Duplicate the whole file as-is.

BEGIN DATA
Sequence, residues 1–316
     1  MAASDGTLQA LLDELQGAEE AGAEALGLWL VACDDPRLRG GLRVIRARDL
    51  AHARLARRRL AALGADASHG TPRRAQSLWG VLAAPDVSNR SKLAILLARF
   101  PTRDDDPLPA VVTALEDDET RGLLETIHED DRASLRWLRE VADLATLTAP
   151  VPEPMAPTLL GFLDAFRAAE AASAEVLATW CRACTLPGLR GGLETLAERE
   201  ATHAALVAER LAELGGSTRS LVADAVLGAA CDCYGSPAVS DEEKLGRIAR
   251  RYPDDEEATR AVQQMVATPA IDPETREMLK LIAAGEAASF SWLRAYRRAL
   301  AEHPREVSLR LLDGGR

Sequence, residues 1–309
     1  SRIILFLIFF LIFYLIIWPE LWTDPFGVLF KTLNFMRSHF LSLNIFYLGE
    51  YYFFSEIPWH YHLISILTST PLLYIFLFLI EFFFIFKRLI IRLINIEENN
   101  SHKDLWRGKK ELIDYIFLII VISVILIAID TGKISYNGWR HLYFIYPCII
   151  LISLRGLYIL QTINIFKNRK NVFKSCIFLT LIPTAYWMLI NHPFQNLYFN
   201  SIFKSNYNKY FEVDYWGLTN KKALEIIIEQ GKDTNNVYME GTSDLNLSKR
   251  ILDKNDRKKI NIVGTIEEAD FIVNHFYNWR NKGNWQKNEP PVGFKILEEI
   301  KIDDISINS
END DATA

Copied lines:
Sequence, residues 1–316
     1  MAASDGTLQA LLDELQGAEE AGAEALGLWL VACDDPRLRG GLRVIRARDL
    51  AHARLARRRL AALGADASHG TPRRAQSLWG VLAAPDVSNR SKLAILLARF
   101  PTRDDDPLPA VVTALEDDET RGLLETIHED DRASLRWLRE VADLATLTAP
   151  VPEPMAPTLL GFLDAFRAAE AASAEVLATW CRACTLPGLR GGLETLAERE
   201  ATHAALVAER LAELGGSTRS LVADAVLGAA CDCYGSPAVS DEEKLGRIAR
   251  RYPDDEEATR AVQQMVATPA IDPETREMLK LIAAGEAASF SWLRAYRRAL
   301  AEHPREVSLR LLDGGR

Sequence, residues 1–309
     1  SRIILFLIFF LIFYLIIWPE LWTDPFGVLF KTLNFMRSHF LSLNIFYLGE
    51  YYFFSEIPWH YHLISILTST PLLYIFLFLI EFFFIFKRLI IRLINIEENN
   101  SHKDLWRGKK ELIDYIFLII VISVILIAID TGKISYNGWR HLYFIYPCII
   151  LISLRGLYIL QTINIFKNRK NVFKSCIFLT LIPTAYWMLI NHPFQNLYFN
   201  SIFKSNYNKY FEVDYWGLTN KKALEIIIEQ GKDTNNVYME GTSDLNLSKR
   251  ILDKNDRKKI NIVGTIEEAD FIVNHFYNWR NKGNWQKNEP PVGFKILEEI
   301  KIDDISINS